UIL is also considering potential main expansions. For example, UIL may add 12,000 feet of new main around Woodbridge, CT. this would include schools, municipal facilities, a religious facility, and 80 residential homes with further future expansion possible. If you add in the possibilities of extra conversion customers and extra expansion customers, UIL should have a bright growth future.
UIL also has approximately 324,000 electricity customers for its United Illuminating Company. This provides distribution and transmission services throughout a service territory of 335 sq. miles. It includes a 50% interest in GenConn Energy LLC. UIL has the typical infrastructure build and replacement projects going in this segment. UIL is also participating in the New England East-West Solution (NEEWS). Plus it is keeping up with all of its necessary regulatory filings to ensure that the company makes the money it should.
UIL trades as a PE of 20.19 and an FPE of 16.19. It has a low Beta of 0.57, which is what you want in this troubled market. It is on the small side with a market cap of only $1.90B. However, it pays one of the highest dividends for a utility of 4.63%. Plus the average analysts' next five years EPS growth per annum estimate is +4.10%.
Given the potential for adding NatGas customers via switch over's from heating oil, this seems a likely underestimate. In fact the EPS growth estimate for this year is 7.70%; and for next year it is 10.00%. Both of these seem much more realistic estimates. They constitute high growth for a utility. The potential growth, the dividend, and the sound value (Price/Book = 1.68) make UIL a buy. UIL's statistics compare very favorably to other top utility companies.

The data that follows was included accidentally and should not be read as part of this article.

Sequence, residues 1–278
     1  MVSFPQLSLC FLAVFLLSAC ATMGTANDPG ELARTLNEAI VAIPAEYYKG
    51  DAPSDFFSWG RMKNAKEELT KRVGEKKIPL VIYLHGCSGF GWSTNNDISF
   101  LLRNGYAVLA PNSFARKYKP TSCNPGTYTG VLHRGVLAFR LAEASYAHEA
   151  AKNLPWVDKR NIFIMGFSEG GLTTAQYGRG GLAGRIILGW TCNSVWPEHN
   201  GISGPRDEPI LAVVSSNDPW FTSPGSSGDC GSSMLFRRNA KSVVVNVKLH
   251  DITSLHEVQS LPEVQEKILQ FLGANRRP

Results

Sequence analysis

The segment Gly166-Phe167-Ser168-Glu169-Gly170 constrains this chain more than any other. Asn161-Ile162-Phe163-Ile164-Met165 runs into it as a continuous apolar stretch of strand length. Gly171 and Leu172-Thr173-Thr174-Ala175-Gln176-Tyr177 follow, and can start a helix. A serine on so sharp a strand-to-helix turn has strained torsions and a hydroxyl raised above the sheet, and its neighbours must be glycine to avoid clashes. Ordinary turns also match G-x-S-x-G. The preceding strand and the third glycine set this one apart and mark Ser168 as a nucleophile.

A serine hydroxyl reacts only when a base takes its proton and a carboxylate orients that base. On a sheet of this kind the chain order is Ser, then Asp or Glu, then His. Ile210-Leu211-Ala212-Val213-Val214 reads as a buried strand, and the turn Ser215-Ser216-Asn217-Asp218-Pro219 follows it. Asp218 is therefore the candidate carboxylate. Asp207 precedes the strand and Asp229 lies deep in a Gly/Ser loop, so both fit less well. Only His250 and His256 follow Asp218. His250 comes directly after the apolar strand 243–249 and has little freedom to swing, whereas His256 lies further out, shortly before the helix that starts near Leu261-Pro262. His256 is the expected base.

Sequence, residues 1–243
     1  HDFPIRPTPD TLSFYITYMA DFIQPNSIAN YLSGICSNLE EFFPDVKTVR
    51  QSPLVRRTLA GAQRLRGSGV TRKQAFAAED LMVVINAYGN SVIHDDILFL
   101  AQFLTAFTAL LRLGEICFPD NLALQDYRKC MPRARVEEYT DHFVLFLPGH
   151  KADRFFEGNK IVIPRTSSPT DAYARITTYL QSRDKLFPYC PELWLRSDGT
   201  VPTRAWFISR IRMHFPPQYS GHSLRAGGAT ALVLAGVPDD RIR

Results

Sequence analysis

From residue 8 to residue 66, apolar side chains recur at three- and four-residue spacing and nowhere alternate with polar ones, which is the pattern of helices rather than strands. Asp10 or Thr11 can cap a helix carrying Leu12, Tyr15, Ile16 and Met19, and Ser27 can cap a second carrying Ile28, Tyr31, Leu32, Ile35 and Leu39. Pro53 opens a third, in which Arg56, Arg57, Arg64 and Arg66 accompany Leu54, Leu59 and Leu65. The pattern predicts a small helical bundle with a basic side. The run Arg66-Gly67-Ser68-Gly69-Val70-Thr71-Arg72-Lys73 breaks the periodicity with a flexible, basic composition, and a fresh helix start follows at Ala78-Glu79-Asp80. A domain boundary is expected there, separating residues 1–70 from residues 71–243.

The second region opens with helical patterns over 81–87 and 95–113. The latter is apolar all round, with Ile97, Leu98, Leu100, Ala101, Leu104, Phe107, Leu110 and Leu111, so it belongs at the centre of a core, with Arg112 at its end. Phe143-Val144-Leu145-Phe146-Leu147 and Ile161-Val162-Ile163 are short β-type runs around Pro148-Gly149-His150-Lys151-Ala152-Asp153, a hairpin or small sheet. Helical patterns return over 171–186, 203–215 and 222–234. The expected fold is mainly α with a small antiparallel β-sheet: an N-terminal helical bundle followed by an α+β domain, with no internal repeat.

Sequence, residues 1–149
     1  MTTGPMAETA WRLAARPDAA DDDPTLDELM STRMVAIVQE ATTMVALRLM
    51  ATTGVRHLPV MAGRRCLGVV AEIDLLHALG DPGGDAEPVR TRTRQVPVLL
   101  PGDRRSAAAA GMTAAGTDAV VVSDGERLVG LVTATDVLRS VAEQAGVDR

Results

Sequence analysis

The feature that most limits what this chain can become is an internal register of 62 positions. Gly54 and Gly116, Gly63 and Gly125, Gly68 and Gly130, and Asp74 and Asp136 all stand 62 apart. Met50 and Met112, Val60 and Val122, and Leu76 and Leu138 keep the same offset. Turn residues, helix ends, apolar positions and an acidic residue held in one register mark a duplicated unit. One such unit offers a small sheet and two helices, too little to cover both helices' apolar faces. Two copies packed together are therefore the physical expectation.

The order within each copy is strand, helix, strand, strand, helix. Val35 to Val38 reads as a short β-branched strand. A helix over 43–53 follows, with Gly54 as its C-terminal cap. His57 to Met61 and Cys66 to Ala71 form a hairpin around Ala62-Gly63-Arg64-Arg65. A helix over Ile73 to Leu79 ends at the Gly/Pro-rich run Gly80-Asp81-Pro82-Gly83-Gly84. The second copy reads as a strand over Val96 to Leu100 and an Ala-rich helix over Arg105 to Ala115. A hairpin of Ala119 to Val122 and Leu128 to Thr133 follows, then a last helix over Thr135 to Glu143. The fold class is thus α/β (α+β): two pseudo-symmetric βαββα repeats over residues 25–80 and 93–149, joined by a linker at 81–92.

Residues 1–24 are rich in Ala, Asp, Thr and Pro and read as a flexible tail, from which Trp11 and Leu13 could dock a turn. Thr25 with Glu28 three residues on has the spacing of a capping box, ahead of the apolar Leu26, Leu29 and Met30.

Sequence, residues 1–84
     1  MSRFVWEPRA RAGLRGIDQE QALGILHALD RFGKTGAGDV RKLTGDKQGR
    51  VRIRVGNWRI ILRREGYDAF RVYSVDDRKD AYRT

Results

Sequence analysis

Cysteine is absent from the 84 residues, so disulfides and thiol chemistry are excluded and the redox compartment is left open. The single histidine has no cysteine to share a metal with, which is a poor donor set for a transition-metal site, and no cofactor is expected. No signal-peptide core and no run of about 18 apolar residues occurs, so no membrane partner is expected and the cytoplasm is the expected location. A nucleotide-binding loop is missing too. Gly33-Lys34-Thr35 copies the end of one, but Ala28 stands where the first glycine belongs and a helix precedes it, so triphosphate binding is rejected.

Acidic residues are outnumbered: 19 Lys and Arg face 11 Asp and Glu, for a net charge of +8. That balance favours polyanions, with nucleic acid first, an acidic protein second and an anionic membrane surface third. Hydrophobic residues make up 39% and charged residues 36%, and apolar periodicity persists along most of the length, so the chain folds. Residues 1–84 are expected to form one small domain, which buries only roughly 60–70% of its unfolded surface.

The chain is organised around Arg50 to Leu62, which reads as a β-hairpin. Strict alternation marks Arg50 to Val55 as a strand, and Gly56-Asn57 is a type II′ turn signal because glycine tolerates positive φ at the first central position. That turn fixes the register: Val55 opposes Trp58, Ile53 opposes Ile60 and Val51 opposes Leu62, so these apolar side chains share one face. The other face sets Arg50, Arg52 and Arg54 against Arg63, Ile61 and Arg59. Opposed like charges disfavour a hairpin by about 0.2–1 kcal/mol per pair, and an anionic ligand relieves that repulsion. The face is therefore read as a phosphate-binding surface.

The two-year chart of UIL provides some technical direction for the trade.
Click to enlarge
The slow stochastic sub chart shows that UIL is overbought. The main chart shows that UIL has been in an uptrend for the last two years. The price line is far above the 200-day SMA and the 50-day SMA. This may mean that a wary investor might wish to wait for a cycle down to the 50-day SMA or below to buy. On the other hand the recent movement upward of the 50-day SMA through the 200-day SMA is a buy signal. This might make one want to average in.
The overall US markets are near overbought territory. The fear of trouble in Europe was back in force at the end of last week with higher bond yields seen in both Spain and Italy. Sicily has applied for a bailout from Italy. Some are saying that Sicily is another Greece. The Italian government has given it a 400 million euro bailout. If the past is any indication, that is only the start.
Sicily faces a budget deficit of $7B euros this year alone, and it is in danger of default without sweeping cuts. On top of this, it is highly questionable how much Italy can afford to bailout anyone. For these reasons (and others), I think the overall US markets may be likely to retrace in the near term. Such a retracement might provide investors with a better entry point for a UIL trade.
NOTE: Some of the fundamental financial data above is from Yahoo Finance.
Good Luck Trading.